Jacob Freeland, Class of 2021, Belmont Law
As a result of President Donald Trump’s latest pick for the United States Supreme Court: Amy Coney Barrett, there has been a great deal of discussion regarding the implication that this appointment could mean for the future of the Affordable Care Act.
The appointment of Barrett is surely going to shift the Supreme Court more to the right, if she is in fact confirmed to replace the late Justice Ruth Bader Ginsburg. Based on their views, if Barrett is appointed, the Supreme Court will be compromised of six justices that were appointed by Republican presidents and three justices that were appointed by Democratic presidents.
If Barrett is confirmed, she could potentially be the deciding vote in a case that is being heard just days after the election, which seeks to overturn and strike down the Affordable Care Act. The Central issue in the case is whether the individual mandate, which requires individuals to have medical insurance, is constitutional. If the Supreme Court determines that it is not constitutional, the justices must then also decide whether the individual mandate can be separated from the law or if its unconstitutionality means the rest of the law is also invalid. Previously when hearing cases regarding these challenges, the Supreme Court has left the ACA largely intact.
It is relevant to note that Barrett has been critical of the ACA in the past. During her time as a law professor at Notre Dame, Barrett wrote a twenty-five-page article that reviewed a book by a legal scholar who was considered one of the main architects of one of the prior challenges brought against the ACA. In this article, Barrett wrote that, “Chief Justice Roberts pushed the Affordable Care Act beyond its plausible meaning to save the statute.” Further, she stated that had Roberts “treated the payment as the statute did – as a penalty – he would have had to
invalidate the statute as lying beyond Congress’s commerce power.” Barrett essentially argued that judges should not defer to what is popular in their judicial decisions. In furtherance of this point, she stated, “The author is surely right that deference to a democratic majority should not supersede a judge’s duty to apply clear text.”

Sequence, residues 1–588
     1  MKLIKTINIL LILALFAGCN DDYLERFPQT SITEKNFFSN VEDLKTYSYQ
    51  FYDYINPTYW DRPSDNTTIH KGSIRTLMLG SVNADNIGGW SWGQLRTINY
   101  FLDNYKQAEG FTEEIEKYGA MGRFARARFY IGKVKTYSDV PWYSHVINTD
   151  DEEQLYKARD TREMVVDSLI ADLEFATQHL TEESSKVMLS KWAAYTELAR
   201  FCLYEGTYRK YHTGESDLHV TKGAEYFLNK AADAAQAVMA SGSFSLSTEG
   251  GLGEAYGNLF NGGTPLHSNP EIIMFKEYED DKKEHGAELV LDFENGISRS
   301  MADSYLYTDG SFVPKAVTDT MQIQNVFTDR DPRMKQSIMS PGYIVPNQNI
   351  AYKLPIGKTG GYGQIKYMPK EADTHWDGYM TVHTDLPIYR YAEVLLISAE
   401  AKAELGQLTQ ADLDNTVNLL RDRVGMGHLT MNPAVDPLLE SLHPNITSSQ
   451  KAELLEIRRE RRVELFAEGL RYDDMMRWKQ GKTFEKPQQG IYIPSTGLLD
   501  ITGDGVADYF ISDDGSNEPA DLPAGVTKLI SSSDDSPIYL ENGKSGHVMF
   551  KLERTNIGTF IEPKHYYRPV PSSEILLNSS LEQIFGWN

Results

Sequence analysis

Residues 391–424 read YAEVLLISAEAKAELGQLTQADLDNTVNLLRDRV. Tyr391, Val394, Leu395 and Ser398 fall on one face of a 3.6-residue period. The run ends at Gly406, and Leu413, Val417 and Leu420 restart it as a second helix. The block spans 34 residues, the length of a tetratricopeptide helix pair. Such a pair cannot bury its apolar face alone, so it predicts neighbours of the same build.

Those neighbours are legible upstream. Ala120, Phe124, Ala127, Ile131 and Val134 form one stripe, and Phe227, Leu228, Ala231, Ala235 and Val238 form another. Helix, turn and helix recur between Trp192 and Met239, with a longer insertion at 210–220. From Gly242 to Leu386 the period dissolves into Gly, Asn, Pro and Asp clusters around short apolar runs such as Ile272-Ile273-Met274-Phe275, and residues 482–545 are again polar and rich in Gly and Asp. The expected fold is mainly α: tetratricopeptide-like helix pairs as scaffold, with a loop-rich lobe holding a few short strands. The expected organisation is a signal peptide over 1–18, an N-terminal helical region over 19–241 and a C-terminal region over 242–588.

While it is clear that Barrett has had some harsh words regarding the court’s previous rulings regarding the ACA, it still is not known whether or not she thinks there is lawful justification to throw out the whole ACA simply because the individual mandate is ruled as unconstitutional. Further, even if Barrett is appointed and holds against the totality of the ACA, the Court would still have to secure a 5-4 majority for throwing out the entirety of the ACA in order to do so, which previous holdings have shown the court has been reluctant to do as a result of the justices differing views regarding severability.
Thus, ultimately there is still no guarantee that the Supreme Court will rule against the Affordable Care Act, even with a conservative majority of justices on the court. However, it is still something that should be closely monitored and watched going forward with the appointment of the next Supreme Court Justice of the United States.
Samantha Liss, What Trump’s SCOTUS pick could mean for the ACA challenge, Healthcare Drive (Sep. 28, 2020), https://www.healthcaredive.com/news/what-trumps-scotus-pick-could-mean-for-the-aca-challenge/585977/.
Sam Baker, If Trump Replaces Ginsburg, the ACA Really is at Risk, Axios (Sep. 21, 2020), https://www.axios.com/supreme-court-trump-rbg-affordable-care-act-062fc3a6-0b5a-4ba2-b739-8d2ac17d7f22.html.
Amanda Holpuch, Fears for Obamacare if Amy Coney Barrett Confirmed to Supreme Court, The Guardian (Aug. 19, 2020), https://www.wallerlaw.com/news-insights/3738/Tennessee-enacts-COVID-19-Recovery-Act.